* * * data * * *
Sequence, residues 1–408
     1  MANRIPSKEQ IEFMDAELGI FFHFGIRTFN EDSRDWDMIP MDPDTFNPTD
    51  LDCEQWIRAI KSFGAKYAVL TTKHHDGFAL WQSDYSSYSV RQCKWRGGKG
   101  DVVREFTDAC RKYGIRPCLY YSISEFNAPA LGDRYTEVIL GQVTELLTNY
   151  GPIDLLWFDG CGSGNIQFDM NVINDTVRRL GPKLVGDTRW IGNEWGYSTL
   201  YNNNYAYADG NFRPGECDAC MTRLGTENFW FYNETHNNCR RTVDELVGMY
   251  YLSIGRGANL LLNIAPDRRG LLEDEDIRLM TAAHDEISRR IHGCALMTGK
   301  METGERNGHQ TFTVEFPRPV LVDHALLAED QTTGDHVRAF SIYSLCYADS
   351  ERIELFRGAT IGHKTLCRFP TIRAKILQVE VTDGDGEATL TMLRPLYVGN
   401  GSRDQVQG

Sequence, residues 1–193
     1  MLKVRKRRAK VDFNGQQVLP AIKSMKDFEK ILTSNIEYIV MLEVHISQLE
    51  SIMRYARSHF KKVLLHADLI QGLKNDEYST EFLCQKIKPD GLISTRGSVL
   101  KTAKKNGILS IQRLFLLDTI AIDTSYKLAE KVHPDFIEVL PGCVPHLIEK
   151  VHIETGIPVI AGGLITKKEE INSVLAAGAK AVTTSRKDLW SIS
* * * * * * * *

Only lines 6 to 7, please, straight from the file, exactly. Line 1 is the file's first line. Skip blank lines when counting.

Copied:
   201  YNNNYAYADG NFRPGECDAC MTRLGTENFW FYNETHNNCR RTVDELVGMY
   251  YLSIGRGANL LLNIAPDRRG LLEDEDIRLM TAAHDEISRR IHGCALMTGK